The German historian Friedrich Meinecke attempted to trace the roots of the expression "stab-in-the-back" in a June 11, 1922 article in the Viennese newspaper Neue Freie Presse. In the 1924 national election, the Munich cultural journal Süddeutsche Monatshefte published a series of articles blaming the SPD and trade unions for Germany's defeat in World War I, which came out during the trial of Adolf Hitler and Ludendorff for high treason following the Beer Hall Putsch in 1923. The editor of an SPD newspaper sued the journal for defamation, giving rise to what is known as the Munich Dolchstoßprozess from October 19 to November 20, 1925. Many prominent figures testified in that trial, including members of the parliamentary committee investigating the reasons for the defeat, so some of its results were made public long before the publication of the committee report in 1928.

World War II[edit | edit source]

The Allied policy of unconditional surrender was devised in 1943 in part to avoid a repetition of the stab-in-the-back theme. According to historian John Wheeler-Bennett, speaking from the British perspective,

It was necessary for the Nazi regime and/or the German Generals to surrender unconditionally in order to bring home to the German people that they had lost the War by themselves; so that their defeat should not be attributed to a "stab in the back".[18]

Psychology of belief[edit | edit source]

Richard M. Hunt argues in a 1958 article that the myth was an irrational belief which commanded the force of irrefutable emotional convictions for millions of Germans. He suggests that behind these myths was a sense of communal shame, not for causing the war, but for losing it. Hunt argues that it was not the guilt of wickedness, but the shame of weakness that seized Germany's national psychology, and "served as a solvent of the Weimar democracy and also as an ideological cement of Hitler's dictatorship".[19]

Equivalents in other countries[edit | edit source]

Parallel interpretations of national trauma after military defeat appear in other countries.[20] For example, on a few occasions it was used regarding the United States' involvement in the Vietnam War, without the antisemitic slant.[21]

See also[edit | edit source]

References[edit | edit source]

Informational notes

  1. Despite the similarity of the German word Legende and the English word "legend", "stab-in-the-back myth" is the preferred term in English.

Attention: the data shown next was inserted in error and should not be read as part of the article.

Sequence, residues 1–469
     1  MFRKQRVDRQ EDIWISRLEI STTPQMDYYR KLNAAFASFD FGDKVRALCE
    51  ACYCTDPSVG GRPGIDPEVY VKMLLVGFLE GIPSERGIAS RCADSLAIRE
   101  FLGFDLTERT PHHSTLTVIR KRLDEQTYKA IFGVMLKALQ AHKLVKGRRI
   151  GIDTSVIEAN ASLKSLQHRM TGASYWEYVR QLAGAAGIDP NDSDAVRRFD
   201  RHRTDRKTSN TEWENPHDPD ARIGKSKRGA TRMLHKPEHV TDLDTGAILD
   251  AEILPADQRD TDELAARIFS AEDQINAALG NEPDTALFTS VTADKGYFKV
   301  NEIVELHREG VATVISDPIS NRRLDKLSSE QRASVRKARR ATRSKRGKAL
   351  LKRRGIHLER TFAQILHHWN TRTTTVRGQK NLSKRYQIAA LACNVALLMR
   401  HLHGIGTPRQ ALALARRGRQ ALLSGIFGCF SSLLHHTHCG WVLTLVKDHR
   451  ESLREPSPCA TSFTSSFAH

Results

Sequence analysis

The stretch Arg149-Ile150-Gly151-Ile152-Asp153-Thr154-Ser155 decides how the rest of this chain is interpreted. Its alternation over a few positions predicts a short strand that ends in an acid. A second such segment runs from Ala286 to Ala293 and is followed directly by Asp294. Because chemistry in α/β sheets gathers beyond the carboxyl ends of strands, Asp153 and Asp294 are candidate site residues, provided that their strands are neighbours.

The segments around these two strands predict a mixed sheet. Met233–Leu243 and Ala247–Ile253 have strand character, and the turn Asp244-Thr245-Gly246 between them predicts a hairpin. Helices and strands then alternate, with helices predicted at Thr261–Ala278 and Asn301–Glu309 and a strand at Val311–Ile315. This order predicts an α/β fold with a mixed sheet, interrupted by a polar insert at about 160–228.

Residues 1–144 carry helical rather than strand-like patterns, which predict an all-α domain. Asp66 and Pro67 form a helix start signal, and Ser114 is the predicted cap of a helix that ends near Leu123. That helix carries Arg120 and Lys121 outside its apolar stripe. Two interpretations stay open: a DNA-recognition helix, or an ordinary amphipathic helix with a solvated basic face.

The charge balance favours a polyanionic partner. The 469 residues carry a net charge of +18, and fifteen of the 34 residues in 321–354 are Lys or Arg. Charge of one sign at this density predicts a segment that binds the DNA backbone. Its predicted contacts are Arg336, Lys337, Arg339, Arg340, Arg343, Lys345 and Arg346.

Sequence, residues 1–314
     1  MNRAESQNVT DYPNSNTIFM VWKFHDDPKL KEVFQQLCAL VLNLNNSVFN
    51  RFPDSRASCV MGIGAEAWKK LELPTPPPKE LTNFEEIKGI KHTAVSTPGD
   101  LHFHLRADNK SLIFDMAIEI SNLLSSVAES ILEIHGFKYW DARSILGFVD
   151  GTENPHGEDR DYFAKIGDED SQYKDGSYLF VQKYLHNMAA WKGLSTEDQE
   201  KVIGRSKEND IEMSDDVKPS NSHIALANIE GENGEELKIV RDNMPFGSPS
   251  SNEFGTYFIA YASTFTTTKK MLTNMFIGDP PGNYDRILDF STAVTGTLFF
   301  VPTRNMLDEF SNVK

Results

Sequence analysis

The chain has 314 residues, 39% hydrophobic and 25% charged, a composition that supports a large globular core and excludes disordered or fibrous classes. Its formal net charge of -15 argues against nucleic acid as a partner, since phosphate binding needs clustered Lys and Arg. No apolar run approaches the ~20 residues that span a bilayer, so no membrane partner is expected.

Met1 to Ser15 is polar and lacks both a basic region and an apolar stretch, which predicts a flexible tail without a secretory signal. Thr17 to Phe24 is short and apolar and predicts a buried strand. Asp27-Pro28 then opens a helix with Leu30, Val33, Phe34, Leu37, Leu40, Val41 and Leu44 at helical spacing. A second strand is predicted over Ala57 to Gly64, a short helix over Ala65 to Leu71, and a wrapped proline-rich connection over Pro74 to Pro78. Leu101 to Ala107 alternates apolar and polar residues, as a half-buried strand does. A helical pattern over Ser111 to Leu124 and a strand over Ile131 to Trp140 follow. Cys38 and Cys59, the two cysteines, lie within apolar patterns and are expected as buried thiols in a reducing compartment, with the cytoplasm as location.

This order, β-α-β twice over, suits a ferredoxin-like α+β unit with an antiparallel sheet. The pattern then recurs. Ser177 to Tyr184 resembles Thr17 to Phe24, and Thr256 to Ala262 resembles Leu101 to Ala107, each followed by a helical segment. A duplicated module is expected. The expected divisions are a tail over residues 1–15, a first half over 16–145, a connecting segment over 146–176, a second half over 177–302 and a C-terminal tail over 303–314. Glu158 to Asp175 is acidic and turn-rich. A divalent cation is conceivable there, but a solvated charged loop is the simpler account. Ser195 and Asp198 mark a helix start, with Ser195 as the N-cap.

2. This is described similarly by William Helmreich and Francis Nicosia. Helmreich noted that: "Der staatsfeindliche Zionismus, published in 1922, was Rosenberg's major contribution to the National Socialist position on Zionism. It represented in part an elaboration on ideas already expressed in articles in the Volkischer Beobachter and in other published works, notably Die Spur. The title provides the gist of a thesis that Rosenberg sought to convey to his readers: 'The Zionist organization in Germany is nothing more than an organization that pursues a legalized undermining of the German state.' He accused German Zionists of having betrayed Germany during the war by supporting Britain's Balfour Declaration and pro-Zionist policies and charged that they had actively worked for a German defeat and the Versailles settlement to obtain a Jewish National Home in Palestine. He went on to assert that the interests of Zionism were first and foremost those of world Jewry, and by implication the international Jewish conspiracy."[15] Nicosia: "Rosenberg argues that the Jews had planned the Great War in order to secure a state in Palestine. In other words, he suggested that they generated violence and war among the gentiles in order to secure their own, exclusively Jewish, interests. In fact, the title of one of those works, Der Staatsfeindliche Zionismus ("Zionism, the Enemy of the State"), published in 1922, conveys the gist of Rosenberg's approach to the question, an approach that Hitler had been taking in some of his speeches since 1920. Rosenberg writes: 'The Zionist Organization in Germany is nothing more than an Organization that perpetrates the legal subversion of the German state.' He further accuses the Zionists of betraying Germany during World War I by supporting Great Britain and its Balfour Declaration, working for a German defeat and the implementation of the Balfour Declaration, supporting the Versailles settlement, and embracing the Jewish National Home in postwar, British-controlled Palestine."[16]